Sindi Mabaso-Koyana | Chair | CA Charter Council | Executive Chairperson | African Women Chartered Accountants (AWCA) Investment Holding Company | mail me |
In its quest to empower and grow the number of Black people in the chartered accountancy profession and empower them meaningfully to participate and sustain the growth of the economy, the Department of Trade and Industry, has gazetted the revised Chartered Accountancy Profession Sector Code (CA Charter) for public comment.
According to transformation commentators, the CA Charter will significantly increase the pace of transformation in the sector.
Transformation and skills development
The key objectives of the revised code: One of the CA Charter’s primary goals is to strengthen the country’s economy by playing a significant and leading role in transformation and skills development by looking deep into the chartered accountancy profession in a united manner.
Our profession has faced many challenges over the past few years. Now that the CA Charter has finally being gazetted, not only can the profession ramp up the transformation efforts it began so many years ago but it can elevate these plans to restore the nobility of the profession while executing tangible results.
While the CA Charter utilises the Generic Codes as a base for its charter as far possible, it deviates from the standard allocation of points required under B-BBEE legislation in order to place a significant emphasis on the skills development that forms the foundation of the sector.
In so doing, the CA sector seeks to achieve its stated objective of growing the number of Black people in the CA profession to reflect the country’s population demographics.
These deviations are particularly evident in:
- the increased weightings of targets set for the Skills Development Element, where ten additional points have been added to the weighting; and
- the Enterprise and Supplier Development Element, where ten points have been removed from the procurement targets: it has minimal applicability in the CA sector.
The weightings for the revised CA sector codes are therefore as follows:
|Element||Codes of Good Practice||CA Sector Code|
|Ownership||25 points||25 points|
|Management Control||19 points||19 points|
|Skills Development||20 points||30 points|
|Enterprise and Supplier Development||40 points||30 points|
|Socio-Economic Development||5 points||5 points|
|Total||109 points||109 points|
The CA Charter: significantly more than a mere tick box exercise
Having examined the practical implications of the B-BBEE codes, the Council has worked in consultation with various key stakeholders to devise creative and sustainable ways to use the Generic Codes to cultivate growth and equality within the sector and thereby produce more Black CAs(SA).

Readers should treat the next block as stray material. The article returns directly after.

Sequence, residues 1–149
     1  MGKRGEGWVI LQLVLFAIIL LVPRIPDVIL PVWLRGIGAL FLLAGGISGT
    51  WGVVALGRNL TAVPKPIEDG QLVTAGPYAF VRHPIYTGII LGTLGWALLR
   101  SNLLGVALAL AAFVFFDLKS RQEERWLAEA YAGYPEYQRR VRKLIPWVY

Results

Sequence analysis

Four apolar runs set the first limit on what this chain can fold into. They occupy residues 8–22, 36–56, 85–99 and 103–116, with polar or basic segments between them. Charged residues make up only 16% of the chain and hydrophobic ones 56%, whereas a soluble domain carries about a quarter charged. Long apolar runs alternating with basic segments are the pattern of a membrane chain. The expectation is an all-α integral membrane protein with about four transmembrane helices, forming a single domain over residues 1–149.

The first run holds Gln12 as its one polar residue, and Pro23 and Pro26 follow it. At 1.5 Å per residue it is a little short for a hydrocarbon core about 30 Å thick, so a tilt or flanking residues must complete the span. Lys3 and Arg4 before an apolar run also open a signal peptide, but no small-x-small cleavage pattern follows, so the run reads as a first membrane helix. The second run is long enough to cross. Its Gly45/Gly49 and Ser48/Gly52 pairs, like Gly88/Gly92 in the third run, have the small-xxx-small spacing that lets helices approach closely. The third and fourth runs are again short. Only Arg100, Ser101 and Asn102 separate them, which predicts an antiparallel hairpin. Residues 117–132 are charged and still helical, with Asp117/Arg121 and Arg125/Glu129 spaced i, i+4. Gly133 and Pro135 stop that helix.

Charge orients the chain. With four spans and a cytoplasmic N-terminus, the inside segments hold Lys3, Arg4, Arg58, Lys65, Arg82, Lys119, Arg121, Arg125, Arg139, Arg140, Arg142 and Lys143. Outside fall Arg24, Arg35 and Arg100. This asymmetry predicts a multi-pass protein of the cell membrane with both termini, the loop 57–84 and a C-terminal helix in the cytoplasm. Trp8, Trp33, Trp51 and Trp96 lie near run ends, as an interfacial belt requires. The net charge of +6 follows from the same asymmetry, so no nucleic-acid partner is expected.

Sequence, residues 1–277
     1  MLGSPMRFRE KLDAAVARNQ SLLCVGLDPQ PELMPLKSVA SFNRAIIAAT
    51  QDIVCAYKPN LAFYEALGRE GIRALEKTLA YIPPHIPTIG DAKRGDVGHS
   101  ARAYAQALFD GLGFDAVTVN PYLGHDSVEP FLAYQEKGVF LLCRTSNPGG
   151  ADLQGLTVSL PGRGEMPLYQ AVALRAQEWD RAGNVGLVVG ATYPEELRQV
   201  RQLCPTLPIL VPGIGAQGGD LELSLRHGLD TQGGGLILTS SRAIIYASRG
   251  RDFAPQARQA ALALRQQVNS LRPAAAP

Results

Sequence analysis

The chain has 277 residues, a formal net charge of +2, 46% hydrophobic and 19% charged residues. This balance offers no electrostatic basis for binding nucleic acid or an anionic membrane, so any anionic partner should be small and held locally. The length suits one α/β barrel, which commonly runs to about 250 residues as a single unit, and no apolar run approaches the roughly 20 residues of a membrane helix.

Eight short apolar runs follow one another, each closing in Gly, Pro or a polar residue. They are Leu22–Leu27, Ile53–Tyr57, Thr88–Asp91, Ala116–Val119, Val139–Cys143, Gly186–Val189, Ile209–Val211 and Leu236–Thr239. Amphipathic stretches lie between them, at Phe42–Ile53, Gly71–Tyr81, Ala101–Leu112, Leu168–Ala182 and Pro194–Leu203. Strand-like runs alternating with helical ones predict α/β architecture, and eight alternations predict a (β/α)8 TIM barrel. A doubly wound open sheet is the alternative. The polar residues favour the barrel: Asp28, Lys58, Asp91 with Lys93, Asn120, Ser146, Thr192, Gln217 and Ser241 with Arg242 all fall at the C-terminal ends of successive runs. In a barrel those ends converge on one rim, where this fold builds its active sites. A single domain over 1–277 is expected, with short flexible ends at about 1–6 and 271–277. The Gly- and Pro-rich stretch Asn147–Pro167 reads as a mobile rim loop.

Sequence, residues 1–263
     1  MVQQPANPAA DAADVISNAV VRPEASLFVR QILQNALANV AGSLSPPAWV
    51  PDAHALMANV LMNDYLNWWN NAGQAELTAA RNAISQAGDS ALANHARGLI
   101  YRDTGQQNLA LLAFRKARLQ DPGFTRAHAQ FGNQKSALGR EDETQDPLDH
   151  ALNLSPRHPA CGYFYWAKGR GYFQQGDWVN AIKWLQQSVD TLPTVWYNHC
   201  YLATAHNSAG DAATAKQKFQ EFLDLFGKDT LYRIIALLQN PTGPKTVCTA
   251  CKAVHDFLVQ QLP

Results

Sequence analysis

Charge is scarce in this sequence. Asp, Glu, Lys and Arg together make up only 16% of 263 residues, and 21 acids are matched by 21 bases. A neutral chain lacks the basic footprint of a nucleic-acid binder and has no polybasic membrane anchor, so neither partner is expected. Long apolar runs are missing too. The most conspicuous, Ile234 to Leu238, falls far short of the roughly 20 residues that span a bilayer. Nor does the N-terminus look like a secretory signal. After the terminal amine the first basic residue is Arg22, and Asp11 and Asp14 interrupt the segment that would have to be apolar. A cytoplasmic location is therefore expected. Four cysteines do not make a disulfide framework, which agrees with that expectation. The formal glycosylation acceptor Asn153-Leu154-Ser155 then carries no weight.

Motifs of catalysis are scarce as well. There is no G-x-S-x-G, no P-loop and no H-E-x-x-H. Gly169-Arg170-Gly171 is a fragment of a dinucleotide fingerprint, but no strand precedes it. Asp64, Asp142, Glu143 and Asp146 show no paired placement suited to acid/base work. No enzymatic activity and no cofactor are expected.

By changing the Skills Development Score to 30 points, from the conventional 20, the CA profession is able to place greater emphasis on training, learnerships and bursary fund investments as it is impossible to grow the number of Black CAs(SA) without funding.
In addition to removing ten points from the Enterprise and Supplier Development Element (reducing it to a total of 30 points as opposed to 40), the CA Charter has reduced Supplier Development contributions from 10 points to five points and allocated these five points to the capacitating of South Africa’s historically disadvantaged tertiary institutions (HDIs) so they can develop future Black CAs.
There is wisdom in building capacity at HDIs, is improving the level of education available at HDIs means that we increase the capacity of the country in increasing the number of Black students who can now graduate from these institutions and also address many challenges relative to inequality.
She adds that the contributions towards this factor will also be used for, among other things, the subvention of salaries for Black academics at these institutions.
Why a Sector Code specifically for the CA profession?
The unique nature of CA profession demands strategic development approaches.
“The number of prospective Black CAs(SA) in the pipeline – relative to those who are well established – is growing thanks to ongoing transformation initiatives such as SAICA’s Thuthuka Bursary Fund. South Africa still has a large shortage of CAs(SA) – especially African and coloured CAs(SA). But thanks to the CA Charter, the profession now has a very real opportunity to empower South African citizens by meaningfully expanding the economic activity of the country through the creation of decent work and sustainable livelihoods.“
– Chantyl Mulder, SAICA Executive Director: Nation Building
Individuals who want to comment on the new CA Charter, should e-mail the DTI (for the attention of Sipho Solfafa) at email@example.com by no later than 26 June 2019.
The full CA Charter can found here.